Reader's Digest spoke to Bianca White to find out more about how she transformed from a primary school teacher into a candle-selling small business owner
How did Bable get started, and how would you best summarise what you offer?
It all started in a really strange way — It was just a project I did for myself, hand-painted candles as a gift for a friend whose dinner party I was attending. I shared a photograph on Instagram, and before I knew it, I was suddenly getting so many messages from my friends saying, 'Oh my god, Can I have one?' or 'You should try this design'. Et voilà, Bable was born! It was a wonderful, unexpected thing, and as my inbox of requests got more and more full, I began the business, hand-painted candles with all kinds of fun motifs. Still to this day, my friends that I gave the original gift to laugh about how it all just came together so organically.
Have you undergone any formal training/ previous roles that have helped with what you do for work now?
No, I honestly haven't! I was a reception class teacher beforehand, and I just completely stumbled across this. I've always loved throwing dinner parties, and my house is full of colour, designs and patterns, but I've never thought of myself as a creative person. I don't think there's a direct link, but so much of what I do now is Instagram-based, so I do feel like my classroom experience helps me to talk well on Instagram Stories and be confident about the presentational side of things. I'm getting a lot of requests to do workshops, so that’s a little like teaching! I never thought the two would connect, so it’s been really interesting to see how the disciplines do overlap.
"I've always loved throwing dinner parties, and my house is full of colour, designs and patterns, but I've never thought of myself as a creative person"
How did you know you were ready to take the leap from teaching to working full-time on Bable?
I started in the summer holidays, and then after one month, I just said my mum, “Should I quit my job and just do this full time?” and she just said yes, just do it, take the chance. So I handed in my notice! I had no clue what I was walking into, but the demand was there and I just thought I should just take a risk. My headteacher was a bit taken off-guard and said I could continue teaching part-time, but I had to turn that down because I thought that if I was going to take this chance, I really wanted to throw everything at it. So in January, after I’d worked my terms notice and the mad Christmas rush which was busier than anything I've ever experienced in my entire life, I started doing Bable full time.
I know it sounds crazy to go full time after only a month, but I really didn’t think twice. I was a bit naive; I did think that quitting my job would give me more time for painting, but it's not been like that. I'm busier now than I was when I had two jobs! But my reception class were so sweet about it—I showed them the website and they were all really excited and picking their favourite designs which was lovely. It was nice that I was able to show them that I was going to do something tangible, that they didn't think I was just disappearing into thin air.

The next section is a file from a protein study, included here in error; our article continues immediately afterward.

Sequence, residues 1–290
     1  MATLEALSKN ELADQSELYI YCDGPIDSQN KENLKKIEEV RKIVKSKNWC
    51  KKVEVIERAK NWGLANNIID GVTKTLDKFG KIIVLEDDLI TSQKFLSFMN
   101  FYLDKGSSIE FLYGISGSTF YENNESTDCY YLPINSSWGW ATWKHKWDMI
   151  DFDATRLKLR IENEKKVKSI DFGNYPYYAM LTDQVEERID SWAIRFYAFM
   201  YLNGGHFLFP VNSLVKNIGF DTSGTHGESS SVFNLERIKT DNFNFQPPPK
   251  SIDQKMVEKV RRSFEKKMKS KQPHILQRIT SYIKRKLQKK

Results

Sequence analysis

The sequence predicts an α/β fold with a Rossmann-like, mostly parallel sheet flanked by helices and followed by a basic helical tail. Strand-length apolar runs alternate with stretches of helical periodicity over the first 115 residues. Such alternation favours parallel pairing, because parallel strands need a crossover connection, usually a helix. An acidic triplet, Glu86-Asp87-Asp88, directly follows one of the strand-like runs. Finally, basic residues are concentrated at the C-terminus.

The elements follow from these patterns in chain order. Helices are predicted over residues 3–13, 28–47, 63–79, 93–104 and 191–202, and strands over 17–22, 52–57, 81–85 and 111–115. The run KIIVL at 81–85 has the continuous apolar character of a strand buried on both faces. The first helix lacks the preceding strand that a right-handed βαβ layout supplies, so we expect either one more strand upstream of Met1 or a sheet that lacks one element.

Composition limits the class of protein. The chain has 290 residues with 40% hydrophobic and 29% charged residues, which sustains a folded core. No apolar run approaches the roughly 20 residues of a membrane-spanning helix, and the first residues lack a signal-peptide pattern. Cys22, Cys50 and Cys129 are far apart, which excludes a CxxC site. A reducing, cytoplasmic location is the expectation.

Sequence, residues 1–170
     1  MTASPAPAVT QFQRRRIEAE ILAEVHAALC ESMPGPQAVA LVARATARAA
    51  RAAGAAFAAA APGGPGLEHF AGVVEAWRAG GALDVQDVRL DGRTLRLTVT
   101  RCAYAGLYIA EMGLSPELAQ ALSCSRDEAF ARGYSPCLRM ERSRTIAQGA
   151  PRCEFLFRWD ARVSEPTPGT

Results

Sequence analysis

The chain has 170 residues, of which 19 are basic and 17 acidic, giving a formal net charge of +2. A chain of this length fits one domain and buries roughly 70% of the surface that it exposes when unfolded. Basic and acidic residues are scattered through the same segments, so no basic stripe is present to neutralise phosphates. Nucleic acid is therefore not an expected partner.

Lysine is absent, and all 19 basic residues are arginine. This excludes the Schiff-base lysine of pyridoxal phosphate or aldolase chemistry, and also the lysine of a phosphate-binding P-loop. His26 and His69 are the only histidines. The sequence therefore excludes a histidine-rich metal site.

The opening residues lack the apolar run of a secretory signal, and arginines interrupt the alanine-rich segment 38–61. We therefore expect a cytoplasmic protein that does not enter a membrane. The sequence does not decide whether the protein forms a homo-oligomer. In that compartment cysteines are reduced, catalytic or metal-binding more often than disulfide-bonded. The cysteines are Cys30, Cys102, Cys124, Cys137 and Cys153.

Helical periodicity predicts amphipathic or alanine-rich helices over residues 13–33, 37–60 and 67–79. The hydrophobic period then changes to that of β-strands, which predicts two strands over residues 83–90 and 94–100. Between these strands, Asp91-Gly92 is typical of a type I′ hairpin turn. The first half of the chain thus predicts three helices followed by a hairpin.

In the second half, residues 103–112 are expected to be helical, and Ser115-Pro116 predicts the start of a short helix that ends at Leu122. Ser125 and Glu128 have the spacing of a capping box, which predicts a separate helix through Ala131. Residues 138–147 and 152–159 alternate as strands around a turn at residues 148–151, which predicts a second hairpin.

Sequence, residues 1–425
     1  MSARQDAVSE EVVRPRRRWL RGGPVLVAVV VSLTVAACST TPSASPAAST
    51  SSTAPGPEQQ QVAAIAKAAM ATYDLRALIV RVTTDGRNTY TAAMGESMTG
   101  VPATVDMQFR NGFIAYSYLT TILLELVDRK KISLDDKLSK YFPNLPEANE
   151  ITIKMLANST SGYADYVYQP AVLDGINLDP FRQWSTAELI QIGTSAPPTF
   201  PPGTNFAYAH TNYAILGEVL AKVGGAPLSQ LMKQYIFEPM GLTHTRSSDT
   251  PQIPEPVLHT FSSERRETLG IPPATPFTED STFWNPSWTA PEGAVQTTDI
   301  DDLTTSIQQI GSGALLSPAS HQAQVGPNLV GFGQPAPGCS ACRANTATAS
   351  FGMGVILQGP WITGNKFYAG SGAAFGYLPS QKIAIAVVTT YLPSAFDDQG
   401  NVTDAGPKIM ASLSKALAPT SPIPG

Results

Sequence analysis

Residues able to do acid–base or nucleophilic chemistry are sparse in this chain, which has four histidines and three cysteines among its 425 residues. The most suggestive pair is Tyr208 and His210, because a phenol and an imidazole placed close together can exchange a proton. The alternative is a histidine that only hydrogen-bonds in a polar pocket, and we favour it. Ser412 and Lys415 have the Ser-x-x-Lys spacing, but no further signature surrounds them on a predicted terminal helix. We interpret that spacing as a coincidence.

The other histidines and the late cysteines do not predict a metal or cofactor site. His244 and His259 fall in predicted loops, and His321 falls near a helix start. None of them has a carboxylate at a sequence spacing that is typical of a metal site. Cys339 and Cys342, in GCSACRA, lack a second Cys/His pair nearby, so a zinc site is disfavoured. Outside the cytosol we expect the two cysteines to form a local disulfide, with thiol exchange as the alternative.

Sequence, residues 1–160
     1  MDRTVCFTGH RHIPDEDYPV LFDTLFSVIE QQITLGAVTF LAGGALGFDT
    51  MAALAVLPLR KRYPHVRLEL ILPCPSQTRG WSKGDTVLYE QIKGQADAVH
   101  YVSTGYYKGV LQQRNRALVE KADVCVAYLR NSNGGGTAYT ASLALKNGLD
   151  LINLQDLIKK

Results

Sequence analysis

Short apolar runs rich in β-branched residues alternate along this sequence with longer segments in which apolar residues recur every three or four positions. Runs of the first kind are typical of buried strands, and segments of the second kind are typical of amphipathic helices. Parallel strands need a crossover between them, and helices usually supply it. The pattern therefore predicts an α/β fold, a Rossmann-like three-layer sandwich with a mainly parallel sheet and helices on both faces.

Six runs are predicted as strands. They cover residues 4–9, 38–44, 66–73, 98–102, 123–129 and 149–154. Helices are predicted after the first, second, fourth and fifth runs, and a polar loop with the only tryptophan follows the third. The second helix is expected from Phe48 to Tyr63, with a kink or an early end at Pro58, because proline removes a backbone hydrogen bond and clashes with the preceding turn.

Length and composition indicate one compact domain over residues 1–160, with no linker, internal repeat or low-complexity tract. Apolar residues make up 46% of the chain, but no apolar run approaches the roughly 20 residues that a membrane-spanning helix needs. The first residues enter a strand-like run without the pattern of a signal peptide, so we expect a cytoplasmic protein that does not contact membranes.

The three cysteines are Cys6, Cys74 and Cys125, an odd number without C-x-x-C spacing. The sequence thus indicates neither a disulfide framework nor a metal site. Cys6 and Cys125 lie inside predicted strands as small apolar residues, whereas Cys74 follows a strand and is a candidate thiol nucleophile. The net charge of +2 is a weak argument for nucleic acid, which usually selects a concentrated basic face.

How does your work compliment your personality?
It compliments it 100%. All my friends and family say that I am ‘Bable’ and often call me it as a nickname. I am fun, quirky and colourful, and my work has let me become friends with so many fascinating creatives who have really enriched my life.
Decorative candles are having a real trend moment - what is it about the form that really speaks to you, and that you think speaks to other people?
I think that they are doing so well because it's just a touch of something special, and with the hand-painted aspect, they have a real feeling of uniqueness to them. A lot of people have been ordering personalised ones for celebrations with loved ones names on them or things that they like which will mean a lot to them. With so many of us spending so much time at home during the lockdown, they add a real touch of quirky, individual joy.
I find with my customers that they buy them and have them on display, but only burn them for a very special occasion. When they're celebrating, they light them and send me a message that they've finally lit their special candle, which is really touching. I do get scared that it's just a trend thing, but then I remember that candles have been around as a celebratory item for so long and are used all the time, so hopefully, there will be some longevity to it.
"With so many of us spending so much time at home during the lockdown, they add a real touch of quirky, individual joy"
What does a typical workday look like for you?
All days are completely different. I started by trying to catch up with all my emails, the admin side of things. I'm not the best at sticking to that, but I'm trying to get better! I then packaging up things for the post office, which always takes longer than you think it is going to take. In the afternoon, I do the creative stuff; if it's a sunny day, I always try to take a couple of photos outside in the natural light, and then I sit and paint, often long into the evening.
I do often work until it's quite late—the part about a small business being so much more than a 9-5 is completely true! It takes over your whole life. When you really want something to succeed and do well, you kind of do just naturally put the hours in. But boundaries are still important; you’ve got to remember to hold something back for yourself.
What do you like to do to switch off?
When everything gets a little too much, I will go for a walk along the river and listen to a podcast; Holly Tucker’s ‘Conversations of Inspiration’ are my favourite.
I'm also a massive foodie; I'm one of those people that have a list on their phone of all the restaurants they want to try out. I love exploring new places, and my list is very long now that we've been in lockdown. I've got a few lovely bookings coming up which I'm very excited about and is another good way to remind myself to take breaks. It’s a nice way to take time to celebrate your successes—it’s easy to stay constantly striving for something without actually stepping back to appreciate any of it.